Yagi director element position question

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kruser

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Hi,
I have a 12 element 850 MHz yagi made by Maxrad. I can no longer read the model number.
It is a typical yagi with a mechanical gamma match for tuning the driven element.
It has a single reflector that is the longest element and then a slightly shorter driven element and then a set of 10 director elements.
But... I was looking at this thing the other day while working on the rotor and noticed that the first two director elements are longer then the remaining directors. Directors 3 and 4 are both shorter then director 1 and 2 and 5 thru 8. I call the reflector element 12 and the other end of the boom furthest from the reflector and driven would be element 1.

I think I've seen a yagi design like this but I'm not really sure. I know in many yagi designs for UHF and higher that the directors are of equal length on some designs or they get shorter as they get further from the driven element (not as drastic as a log periodic though). What do you guys think, is maybe this antenna assembled wrong and I should swap the elements so the shortest is at the front of the boom? Or does this arrangement have a benefit that I'm unaware of like maybe narrowing the beam width or something?
It can be easily corrected other then the lowering of the antenna part as it is all bolted solid aluminum and stainless construction and all machined fasteners.
It just seems odd that the first two directors are longer then the next 8 behind them.

I purchased the antenna brand new from a local 2 way shop and it came unopened from Maxrad back in its day so you would think it is by design. I wish I could reach it from the roof but cannot. So swapping the elements just for tests is kind of hard and that is why I figured I'd ask here first. Once I get it down then the elements are easily swapped but I'm then too low for any type of accurate comparison testing. The antenna works but never did seem to have a tight beam width like I've seen with other similar designs. It seems to have many side lobes were I can still peak the signal so it is hard to use this one for nulling out a tower when monitoring a simulcast system as it is acting more like an omni antenna.

Opinions please! Should I swap the director elements and put them in order of shortest to longest back to the driven element or leave it as is?

The reflector (element 12) measures 7-1/4 long. The Driven element (11) is 6-1/2 inches long, Director #10 is 6 inches, Director #9 is 5-3/8 inches and directors #8 through #5 are all equal at 5 inches in length.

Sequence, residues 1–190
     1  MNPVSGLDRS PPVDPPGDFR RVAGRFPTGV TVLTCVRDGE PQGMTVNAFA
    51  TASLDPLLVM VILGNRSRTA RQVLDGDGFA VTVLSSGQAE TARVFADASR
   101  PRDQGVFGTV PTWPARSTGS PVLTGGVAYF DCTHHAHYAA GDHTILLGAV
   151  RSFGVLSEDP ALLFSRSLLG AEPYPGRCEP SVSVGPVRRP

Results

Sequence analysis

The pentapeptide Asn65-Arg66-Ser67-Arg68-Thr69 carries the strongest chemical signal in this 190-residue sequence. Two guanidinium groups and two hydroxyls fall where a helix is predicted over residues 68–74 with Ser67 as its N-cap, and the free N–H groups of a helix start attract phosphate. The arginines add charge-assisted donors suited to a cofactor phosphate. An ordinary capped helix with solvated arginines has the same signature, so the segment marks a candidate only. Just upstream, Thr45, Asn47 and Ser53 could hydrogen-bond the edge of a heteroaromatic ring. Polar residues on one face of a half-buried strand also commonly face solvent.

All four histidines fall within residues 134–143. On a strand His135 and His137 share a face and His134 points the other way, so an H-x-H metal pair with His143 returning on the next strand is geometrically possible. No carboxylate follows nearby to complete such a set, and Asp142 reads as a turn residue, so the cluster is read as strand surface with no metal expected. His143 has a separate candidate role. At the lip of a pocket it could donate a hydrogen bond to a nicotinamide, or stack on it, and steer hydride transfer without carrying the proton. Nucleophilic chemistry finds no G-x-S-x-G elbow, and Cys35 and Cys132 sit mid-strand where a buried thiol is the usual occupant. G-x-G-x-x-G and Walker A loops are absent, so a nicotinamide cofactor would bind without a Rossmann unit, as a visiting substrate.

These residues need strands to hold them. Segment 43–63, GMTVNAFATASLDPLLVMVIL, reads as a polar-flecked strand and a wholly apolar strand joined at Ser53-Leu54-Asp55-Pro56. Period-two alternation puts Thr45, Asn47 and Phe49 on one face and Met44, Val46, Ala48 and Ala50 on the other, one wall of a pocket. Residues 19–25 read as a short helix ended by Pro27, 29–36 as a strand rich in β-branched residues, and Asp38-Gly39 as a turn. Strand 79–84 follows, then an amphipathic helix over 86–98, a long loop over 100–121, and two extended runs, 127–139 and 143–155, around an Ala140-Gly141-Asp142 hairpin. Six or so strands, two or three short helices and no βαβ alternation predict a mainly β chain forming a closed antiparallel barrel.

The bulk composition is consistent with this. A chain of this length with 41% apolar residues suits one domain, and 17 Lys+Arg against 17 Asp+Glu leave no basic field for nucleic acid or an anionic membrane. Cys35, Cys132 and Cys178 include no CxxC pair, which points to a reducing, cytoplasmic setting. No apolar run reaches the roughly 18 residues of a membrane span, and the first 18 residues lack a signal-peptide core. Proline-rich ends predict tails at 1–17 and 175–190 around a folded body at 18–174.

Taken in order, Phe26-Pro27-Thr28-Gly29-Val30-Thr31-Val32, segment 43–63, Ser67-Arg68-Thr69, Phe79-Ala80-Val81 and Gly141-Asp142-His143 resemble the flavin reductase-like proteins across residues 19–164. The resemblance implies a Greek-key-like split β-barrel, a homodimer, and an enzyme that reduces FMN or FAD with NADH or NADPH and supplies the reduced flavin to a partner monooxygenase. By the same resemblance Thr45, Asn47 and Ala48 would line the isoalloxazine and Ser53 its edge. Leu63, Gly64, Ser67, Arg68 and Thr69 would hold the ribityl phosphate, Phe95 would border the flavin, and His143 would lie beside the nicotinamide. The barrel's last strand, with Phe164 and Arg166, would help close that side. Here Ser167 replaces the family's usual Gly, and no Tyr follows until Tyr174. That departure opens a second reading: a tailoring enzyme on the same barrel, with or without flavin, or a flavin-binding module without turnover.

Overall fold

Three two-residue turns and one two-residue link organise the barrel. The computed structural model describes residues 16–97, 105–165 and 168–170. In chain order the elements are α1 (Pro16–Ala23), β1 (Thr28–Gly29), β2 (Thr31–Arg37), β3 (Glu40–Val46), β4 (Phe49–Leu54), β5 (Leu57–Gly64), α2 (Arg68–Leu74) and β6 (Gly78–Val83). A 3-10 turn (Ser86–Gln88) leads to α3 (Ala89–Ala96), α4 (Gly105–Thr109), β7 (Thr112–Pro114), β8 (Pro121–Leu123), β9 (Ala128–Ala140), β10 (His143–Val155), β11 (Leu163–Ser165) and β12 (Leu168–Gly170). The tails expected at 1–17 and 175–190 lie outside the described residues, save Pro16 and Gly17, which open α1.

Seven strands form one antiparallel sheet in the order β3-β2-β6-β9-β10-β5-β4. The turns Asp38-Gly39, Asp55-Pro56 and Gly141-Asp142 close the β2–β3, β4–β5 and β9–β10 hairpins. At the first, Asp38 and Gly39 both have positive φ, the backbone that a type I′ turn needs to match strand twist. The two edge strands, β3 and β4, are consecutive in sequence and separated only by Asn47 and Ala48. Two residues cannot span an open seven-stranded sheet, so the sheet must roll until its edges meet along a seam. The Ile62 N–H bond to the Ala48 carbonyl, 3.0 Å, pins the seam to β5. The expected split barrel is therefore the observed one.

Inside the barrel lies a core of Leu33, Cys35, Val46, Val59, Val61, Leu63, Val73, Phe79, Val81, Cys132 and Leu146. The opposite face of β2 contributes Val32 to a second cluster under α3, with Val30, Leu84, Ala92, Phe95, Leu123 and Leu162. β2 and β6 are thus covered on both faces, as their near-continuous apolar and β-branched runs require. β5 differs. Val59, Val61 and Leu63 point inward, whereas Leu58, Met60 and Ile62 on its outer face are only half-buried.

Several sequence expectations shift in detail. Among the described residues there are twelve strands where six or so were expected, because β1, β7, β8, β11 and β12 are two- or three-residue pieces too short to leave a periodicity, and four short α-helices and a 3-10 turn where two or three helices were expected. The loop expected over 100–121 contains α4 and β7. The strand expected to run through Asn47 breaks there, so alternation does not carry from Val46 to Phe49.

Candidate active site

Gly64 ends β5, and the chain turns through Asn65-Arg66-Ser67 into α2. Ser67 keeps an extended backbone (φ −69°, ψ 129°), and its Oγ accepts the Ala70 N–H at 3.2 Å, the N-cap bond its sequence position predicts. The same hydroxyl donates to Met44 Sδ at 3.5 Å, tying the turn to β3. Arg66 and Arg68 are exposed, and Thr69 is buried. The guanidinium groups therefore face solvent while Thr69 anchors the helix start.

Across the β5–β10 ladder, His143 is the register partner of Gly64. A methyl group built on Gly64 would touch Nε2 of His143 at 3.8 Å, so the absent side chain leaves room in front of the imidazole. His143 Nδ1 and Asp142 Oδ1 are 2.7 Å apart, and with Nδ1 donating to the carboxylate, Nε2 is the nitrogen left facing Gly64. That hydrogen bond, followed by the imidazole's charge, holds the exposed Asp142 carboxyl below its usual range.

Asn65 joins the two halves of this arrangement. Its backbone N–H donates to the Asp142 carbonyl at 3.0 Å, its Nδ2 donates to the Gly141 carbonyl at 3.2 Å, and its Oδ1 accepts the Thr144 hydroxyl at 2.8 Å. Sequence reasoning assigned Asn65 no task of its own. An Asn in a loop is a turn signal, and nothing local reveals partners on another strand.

Director #4 is 4-15/16 inches, director #3 is 4-7/8 inches, director #2 is 5-1/4 inches and the first director (#1) is 5-5/16 inches.

Spacing between all elements is equal at 3-1/2 inches except between the reflector and driven which has a shorter 2-7/8 spacing.

I would think the shortest director should go in position 1 and then get longer as it progress's back to the driven element.
Thoughts please.

I'd take a picture but I don't think I could get at a decent angle were the longer elements would show up. It is hard to notice it by eye alone due to the height. Maybe if I can get a decent background behind it somehow they would show in a picture.
 

kruser

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What you describe is normal for a large Yagi and I would not touch the antenna unless you have computer modeling software and an antenna range to check the results.
prcguy
That is why I asked! Much easier then pulling it down to swap the elements and have to put it way back up again just to find it did nothing or made the antenna perform worse.
If I could reach it from a ladder then I may have tried since swapping the elements can be done in minutes with a 5/16 nut driver only.

Anyway, since I made the post, I pulled out some Antenex and Laird branded yagi's. They are both direct end feed models but like you said, they both have a longer director all the way out at the far end. I can't believe I've never noticed this before after all these years. Must need glasses :evil:
Of the two I just pulled out, the longer length is barely perceptible to the naked eye but a tape measure sure reveals it. So thanks for confirming my thoughts that it is correct and not an assembly error. Heck, I paid dearly for the 12 element years ago and surely Maxrad would not have assembled it incorrectly :)
 

k8tmk

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You could have built an outstanding 10-element yagi for pocket change per an article in May 2007 PopComm. Very easy to build, and works great!

Randy
 

k9rzz

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What you describe is normal for a large Yagi and I would not touch the antenna unless you have computer modeling software and an antenna range to check the results.
prcguy
+1

Some of the directors are longer because it was made that way!
 
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